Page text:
Patriarch Bartholomew seems to be aware of the need for a principium unitatis for visible unity. This is revealed in his emphasis on the importance of his own Throne for the visible unity of the Church. He is thus in a difficult situation. On the one hand, without a principium unitatis there cannot be actual visible unity. On the other hand, insofar as he seeks to elevate his own Throne as a principium unitatis, he highlights the intrinsic need for Orthodox reunion with the Chair of St. Peter.

Speaking as a Catholic, it is our constant prayer and desire for the restoration of full communion with our Orthodox brothers and sisters. We long for that day of reconciliation and reunion. We pray for full visible unity among all Christians, for this is the desire of the sacred heart of our Lord Jesus, that we would be one, as He and the Father are one.

Holy Spirit, hasten the day when we are one with one another. Make our hearts to beat with the same deep desire and passion as that of Christ's heart. Heal the wounds that divide us. Help us overcome the obstacles that keep us separated. Clothe us in true humility and fill us with charity toward one another. In the name of the Father, and of the Son, and of the Holy Spirit. Amen.

4 comments:

CD-Host said...

The United States is a federation of states and both seems and is quite unified into a single government. It also avoids a patriarch. One does not need a monarchy to create unity.

Principium Unitatis said...

Collin,

The US has a president. But Christ did not set up the Church with a "president", but with Apostles, and to one He gave the keys of the kingdom.

In the peace of Christ,

- Bryan

CD-Host said...

You don't think that reply begs the question? In your article you argued that there were theoretical problems with a federation, I think the US provides a good counterexample to the theoretical point.

Further if you accept the analogy with the US president (who has powers delineated in a constitution/bible and whose ruling are subject to review) that would resolve the central dispute not only with the Orthodox but with Protestants as well.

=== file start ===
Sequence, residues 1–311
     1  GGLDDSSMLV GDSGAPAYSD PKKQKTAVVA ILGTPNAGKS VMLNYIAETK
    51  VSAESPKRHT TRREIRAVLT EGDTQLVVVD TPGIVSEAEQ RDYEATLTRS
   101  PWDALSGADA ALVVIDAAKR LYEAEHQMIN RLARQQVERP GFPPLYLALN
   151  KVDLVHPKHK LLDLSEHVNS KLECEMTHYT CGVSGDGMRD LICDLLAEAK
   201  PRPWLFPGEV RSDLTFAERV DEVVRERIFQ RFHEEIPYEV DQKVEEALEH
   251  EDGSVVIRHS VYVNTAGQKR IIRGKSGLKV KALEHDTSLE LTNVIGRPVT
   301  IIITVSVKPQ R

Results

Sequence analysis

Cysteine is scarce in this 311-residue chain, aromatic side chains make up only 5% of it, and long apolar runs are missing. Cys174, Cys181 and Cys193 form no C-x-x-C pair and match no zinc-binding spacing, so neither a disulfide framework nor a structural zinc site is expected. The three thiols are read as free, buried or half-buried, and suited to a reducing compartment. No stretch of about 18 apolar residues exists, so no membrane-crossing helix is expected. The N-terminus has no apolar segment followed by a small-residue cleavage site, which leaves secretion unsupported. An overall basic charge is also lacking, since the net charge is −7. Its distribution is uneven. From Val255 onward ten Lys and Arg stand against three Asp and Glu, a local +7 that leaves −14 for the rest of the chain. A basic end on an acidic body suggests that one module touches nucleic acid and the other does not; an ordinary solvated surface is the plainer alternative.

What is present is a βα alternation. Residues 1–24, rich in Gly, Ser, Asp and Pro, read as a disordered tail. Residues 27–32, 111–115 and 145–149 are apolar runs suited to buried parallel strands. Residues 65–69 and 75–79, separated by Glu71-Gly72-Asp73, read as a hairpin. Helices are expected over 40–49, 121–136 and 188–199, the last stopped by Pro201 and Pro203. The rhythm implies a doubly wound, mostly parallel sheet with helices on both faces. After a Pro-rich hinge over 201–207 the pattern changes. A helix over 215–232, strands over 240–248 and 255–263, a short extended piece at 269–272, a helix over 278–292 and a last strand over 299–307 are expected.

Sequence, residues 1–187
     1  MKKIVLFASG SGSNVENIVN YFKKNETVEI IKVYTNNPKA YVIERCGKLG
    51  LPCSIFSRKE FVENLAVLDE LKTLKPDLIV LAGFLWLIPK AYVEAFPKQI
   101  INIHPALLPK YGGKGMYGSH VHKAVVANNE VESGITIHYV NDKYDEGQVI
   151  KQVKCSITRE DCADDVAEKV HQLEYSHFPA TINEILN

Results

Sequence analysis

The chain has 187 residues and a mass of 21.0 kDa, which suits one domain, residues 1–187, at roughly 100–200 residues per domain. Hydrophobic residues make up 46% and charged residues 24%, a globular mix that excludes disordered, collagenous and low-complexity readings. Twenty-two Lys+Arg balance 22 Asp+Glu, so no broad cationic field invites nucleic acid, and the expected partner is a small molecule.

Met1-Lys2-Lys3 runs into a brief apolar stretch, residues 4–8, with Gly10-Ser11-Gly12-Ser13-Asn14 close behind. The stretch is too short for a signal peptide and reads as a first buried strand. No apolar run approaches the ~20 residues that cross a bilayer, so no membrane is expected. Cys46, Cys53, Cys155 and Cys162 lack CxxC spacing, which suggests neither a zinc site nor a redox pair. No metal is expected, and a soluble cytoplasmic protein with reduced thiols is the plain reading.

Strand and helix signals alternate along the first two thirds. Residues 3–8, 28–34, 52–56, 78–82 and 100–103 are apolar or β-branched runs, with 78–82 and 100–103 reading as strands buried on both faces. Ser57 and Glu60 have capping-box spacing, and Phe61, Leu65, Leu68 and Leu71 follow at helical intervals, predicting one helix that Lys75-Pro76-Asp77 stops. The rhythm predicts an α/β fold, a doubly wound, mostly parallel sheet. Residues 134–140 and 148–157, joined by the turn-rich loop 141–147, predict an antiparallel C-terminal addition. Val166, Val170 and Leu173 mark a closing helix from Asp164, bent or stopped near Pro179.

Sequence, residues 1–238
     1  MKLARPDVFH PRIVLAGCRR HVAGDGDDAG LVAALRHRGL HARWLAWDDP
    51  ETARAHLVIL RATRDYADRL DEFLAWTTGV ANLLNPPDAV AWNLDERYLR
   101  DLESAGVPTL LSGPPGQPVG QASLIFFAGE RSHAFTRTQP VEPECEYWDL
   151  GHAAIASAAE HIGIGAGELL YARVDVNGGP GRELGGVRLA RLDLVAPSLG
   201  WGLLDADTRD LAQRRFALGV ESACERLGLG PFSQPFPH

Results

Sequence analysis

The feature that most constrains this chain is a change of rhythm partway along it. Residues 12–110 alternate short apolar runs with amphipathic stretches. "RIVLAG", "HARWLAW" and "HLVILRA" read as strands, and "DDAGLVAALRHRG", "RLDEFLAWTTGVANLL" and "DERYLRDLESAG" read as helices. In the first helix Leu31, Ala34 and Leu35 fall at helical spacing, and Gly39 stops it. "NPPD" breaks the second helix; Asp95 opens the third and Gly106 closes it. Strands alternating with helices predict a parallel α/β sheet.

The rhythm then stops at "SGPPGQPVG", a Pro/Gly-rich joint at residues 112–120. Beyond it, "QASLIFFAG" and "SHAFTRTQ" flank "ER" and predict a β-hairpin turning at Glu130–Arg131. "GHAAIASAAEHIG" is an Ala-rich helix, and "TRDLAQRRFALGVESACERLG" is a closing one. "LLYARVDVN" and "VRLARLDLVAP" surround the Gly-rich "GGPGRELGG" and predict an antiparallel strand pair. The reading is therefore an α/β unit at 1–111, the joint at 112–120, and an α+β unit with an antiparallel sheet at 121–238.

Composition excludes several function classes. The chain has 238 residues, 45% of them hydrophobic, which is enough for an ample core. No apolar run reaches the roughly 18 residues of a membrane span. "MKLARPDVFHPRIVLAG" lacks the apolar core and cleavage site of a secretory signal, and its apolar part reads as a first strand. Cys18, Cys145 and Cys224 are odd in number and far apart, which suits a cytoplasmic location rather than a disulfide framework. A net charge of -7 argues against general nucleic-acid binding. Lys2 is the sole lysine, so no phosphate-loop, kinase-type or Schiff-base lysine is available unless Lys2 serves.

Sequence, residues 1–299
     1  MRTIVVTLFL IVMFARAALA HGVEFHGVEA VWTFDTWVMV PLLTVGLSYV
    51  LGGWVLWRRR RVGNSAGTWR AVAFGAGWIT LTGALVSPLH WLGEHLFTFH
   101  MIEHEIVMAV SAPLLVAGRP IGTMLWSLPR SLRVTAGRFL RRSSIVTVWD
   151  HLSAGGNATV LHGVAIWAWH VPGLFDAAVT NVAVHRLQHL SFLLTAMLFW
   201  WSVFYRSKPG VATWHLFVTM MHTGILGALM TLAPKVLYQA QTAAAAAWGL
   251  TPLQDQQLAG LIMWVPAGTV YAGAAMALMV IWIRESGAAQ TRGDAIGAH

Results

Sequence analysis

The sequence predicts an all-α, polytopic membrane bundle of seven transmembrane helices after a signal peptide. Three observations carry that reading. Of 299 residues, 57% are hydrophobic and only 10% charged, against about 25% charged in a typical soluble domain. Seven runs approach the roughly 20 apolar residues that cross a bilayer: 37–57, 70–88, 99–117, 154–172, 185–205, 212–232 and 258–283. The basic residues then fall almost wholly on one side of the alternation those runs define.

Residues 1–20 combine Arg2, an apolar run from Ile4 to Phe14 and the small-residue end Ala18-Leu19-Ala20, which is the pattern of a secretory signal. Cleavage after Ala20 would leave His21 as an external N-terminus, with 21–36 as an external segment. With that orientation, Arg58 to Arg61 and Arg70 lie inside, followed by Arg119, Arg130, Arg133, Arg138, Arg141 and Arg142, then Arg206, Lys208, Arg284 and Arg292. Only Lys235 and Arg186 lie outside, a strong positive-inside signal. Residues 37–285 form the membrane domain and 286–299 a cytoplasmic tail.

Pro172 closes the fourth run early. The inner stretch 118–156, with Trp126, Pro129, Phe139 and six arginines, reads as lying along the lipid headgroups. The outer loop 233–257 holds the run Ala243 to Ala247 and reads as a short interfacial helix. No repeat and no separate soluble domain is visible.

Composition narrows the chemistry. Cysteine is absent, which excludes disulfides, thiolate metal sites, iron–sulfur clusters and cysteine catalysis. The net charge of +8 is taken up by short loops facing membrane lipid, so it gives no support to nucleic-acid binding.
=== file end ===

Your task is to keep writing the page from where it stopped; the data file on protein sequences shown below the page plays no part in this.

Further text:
Principium Unitatis said...

Collin,

I don't think it begs the question to claim that Jesus didn't set up the Church with a "president", or to claim that Jesus gave the "keys of the kingdom" to Peter. I think those are both quite apparent.

Regarding "theoretical problems with a federation", that was not what I claimed. I claimed rather that "if they are a mere federation of Churches, then they can't solve this disunity problem by redoubling their efforts to be more unified with each other, because the problem is in that case an ontological problem, not merely a deficiency of cooperation or collaborative effort." I understand your appeal to the US as a counterexample of a unified federation, but as I said in my initial reply, there is an important difference in that the US has a president, while the Orthodox do not.

Jesus was not elected by democratic vote, nor were the Apostles. In the case of the bishops appointed by the Apostles, these descisions (about whom to ordain) were made by the Apostles. In some cases in later generations the lay people would nominate a candidate, and then the bishops would ordain him if they judged him to be worthy. But ordination per se has always been 'top-down'.

If your proposal is that the Protestants, Orthodox and Catholics should get together and elect a president of the Church, by what authority are you suggesting this? Who gets to decide who gets to be included in the vote? The authority issue cannot be bypassed. Your proposal assumes that no one right now has ecclesial authority, and therefore that the Catholic position is false. So your proposal is question-begging viz-a-viz the Catholic Church. I think that the path to unity is to unite to those having actual authority from Christ, not to appoint our own authorities. The latter, in my opinion, is precisely the path to disunity.

In the peace of Christ,

- Bryan